Texas slot canyons are rare and beautiful. While most folks may be familiar with those in Arizona and Utah, they are not aware of these creations in their own Texas backyard. This image shows Central Utah’s Upper Slot Canyon, one of the hidden secrets of Palo Duro Canyon State Park. Formed by infrequent rainfall but rainfall that occurs and causes flooding in the same locations over a long period of time. The sandstone, usually found between 3100 and 3200 feet in elevation, gradually erodes and forms delicate stratiations and curves. This slot is one of the Llano Slots and resides in the Llano Estacado.
The hike to reach this location covered 9 miles by the time we’d gone out and back, and we were able to explore three different slot canyons. Each slot had its own unique look, and when the morning light of this November day was overhead, the indirect light turned the sandstone walls of the canyon hues of orange and purple.

This canyon is remote and pristine, and thankfully not many folks know its location. Along the hike, Todd and Barry shared a few locations closer to the road that were defaced with graffiti, carvings, and other shameful acts from people with no regard to the landscape or its history.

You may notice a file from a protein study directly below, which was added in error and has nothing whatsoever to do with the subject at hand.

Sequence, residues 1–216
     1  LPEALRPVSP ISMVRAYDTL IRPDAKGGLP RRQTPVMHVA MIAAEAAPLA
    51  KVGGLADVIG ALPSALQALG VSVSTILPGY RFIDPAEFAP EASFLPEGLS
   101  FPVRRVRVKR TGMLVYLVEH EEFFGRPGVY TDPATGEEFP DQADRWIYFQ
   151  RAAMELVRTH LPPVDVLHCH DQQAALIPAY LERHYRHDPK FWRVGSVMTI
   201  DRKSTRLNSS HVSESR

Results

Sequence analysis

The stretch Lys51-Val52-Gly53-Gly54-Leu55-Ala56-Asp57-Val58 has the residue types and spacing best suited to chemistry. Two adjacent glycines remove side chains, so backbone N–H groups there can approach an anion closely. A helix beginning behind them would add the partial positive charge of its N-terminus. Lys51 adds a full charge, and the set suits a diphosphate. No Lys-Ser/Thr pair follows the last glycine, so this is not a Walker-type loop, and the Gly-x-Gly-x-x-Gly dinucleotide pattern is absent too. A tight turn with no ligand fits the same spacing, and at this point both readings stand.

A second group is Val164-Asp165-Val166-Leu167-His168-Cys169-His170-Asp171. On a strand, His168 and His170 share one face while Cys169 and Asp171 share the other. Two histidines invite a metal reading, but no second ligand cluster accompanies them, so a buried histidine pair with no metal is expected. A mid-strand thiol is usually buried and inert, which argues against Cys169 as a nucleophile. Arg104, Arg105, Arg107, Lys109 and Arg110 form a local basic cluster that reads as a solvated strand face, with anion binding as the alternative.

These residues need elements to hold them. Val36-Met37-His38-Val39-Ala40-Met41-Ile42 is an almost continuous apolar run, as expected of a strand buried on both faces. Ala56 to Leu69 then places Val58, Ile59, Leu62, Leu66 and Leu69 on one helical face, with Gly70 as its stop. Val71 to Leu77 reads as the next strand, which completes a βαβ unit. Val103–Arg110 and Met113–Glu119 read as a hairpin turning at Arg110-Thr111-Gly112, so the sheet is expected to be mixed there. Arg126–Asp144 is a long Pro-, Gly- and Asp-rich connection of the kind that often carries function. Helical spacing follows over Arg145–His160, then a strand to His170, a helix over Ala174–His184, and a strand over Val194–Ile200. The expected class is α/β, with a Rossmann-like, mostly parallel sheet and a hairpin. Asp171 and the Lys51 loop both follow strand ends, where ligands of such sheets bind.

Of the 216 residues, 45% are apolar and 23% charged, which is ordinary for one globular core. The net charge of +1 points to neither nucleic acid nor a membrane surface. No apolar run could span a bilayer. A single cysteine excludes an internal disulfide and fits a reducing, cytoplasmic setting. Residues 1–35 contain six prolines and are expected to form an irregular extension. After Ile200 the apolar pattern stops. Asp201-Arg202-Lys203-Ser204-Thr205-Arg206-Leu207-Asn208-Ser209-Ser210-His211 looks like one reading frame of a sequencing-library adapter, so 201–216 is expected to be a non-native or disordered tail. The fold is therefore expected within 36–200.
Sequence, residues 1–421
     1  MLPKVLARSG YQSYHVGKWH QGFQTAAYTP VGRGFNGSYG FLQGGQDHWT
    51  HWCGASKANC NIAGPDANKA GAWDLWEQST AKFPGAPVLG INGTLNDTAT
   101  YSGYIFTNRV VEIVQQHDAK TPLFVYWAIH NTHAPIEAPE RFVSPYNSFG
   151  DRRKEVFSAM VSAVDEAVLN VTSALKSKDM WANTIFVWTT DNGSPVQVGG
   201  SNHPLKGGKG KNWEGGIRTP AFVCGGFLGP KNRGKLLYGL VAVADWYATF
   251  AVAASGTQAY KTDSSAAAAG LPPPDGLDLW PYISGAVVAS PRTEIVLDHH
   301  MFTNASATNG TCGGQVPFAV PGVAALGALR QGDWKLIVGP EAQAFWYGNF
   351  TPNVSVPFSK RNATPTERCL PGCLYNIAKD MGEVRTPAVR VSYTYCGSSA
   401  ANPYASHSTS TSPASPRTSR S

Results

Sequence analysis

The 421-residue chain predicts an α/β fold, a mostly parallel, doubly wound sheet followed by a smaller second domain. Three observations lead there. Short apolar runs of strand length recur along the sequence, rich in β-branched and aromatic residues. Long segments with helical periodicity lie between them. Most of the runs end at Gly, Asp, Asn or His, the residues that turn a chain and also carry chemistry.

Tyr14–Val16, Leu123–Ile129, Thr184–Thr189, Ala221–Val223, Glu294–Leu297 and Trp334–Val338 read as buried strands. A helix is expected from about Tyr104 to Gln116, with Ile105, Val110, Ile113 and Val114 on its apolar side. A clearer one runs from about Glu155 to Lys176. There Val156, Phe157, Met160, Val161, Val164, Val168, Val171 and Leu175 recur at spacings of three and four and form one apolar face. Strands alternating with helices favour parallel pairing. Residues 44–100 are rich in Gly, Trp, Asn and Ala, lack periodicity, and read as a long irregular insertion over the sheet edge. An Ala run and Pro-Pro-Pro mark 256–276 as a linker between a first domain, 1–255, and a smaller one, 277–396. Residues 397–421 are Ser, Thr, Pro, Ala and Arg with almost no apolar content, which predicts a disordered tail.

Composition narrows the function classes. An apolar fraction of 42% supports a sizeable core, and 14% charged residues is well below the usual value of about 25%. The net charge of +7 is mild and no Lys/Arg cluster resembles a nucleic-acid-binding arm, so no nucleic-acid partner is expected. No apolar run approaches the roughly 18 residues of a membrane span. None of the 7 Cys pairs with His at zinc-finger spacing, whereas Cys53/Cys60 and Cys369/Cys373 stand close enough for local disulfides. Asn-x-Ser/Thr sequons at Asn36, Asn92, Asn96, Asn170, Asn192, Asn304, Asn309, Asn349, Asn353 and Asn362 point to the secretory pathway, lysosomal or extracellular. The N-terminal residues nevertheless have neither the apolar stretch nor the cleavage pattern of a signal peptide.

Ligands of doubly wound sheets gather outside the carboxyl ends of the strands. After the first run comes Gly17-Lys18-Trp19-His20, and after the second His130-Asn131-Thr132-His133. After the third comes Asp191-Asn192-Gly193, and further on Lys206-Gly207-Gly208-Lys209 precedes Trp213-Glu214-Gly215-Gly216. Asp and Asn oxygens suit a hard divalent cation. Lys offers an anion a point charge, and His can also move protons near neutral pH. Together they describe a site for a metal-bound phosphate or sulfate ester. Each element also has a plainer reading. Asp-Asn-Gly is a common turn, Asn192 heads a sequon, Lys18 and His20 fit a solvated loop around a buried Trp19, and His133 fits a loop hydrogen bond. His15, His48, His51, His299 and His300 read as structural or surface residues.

****

This past spring offered the promise of a good wildflower season, but a lack of rain for 60 straight days ended those hopes. Still, there were a few locations where our favorite Texas wildflower, the bluebonnet, made an appearance. The photograph below was taken one evening in a location that had not yet been discovered by photo enthusiasts. (How did I know this? – The bluebonnets had not yet been trampled by folks plopping down their kids in the middle of the wildflowers). I liked this little scene because a single red firewheel (a red wildflower) stood alone in a sea of blue on a perfect evening.

bluebonnets; bluebonnet photos; texas wildflowers; indian blankets; texas wildflower prints; texas hill country; marble falls; texas spring; spring landscape; texas landscapes
A Dance Among the Bluebonnets 1 : Prints Available

I love this lone red-orange firewheel among a sea of bluebonnets. I took several different angles of this field, but this was my favorite with the splash of red rising up from the blue. These Texas wildflowers were found just south of Marble Falls. The air was still and the evening was just about perfect. I stayed later and photographed the Milky Way in the early morning hours over this same area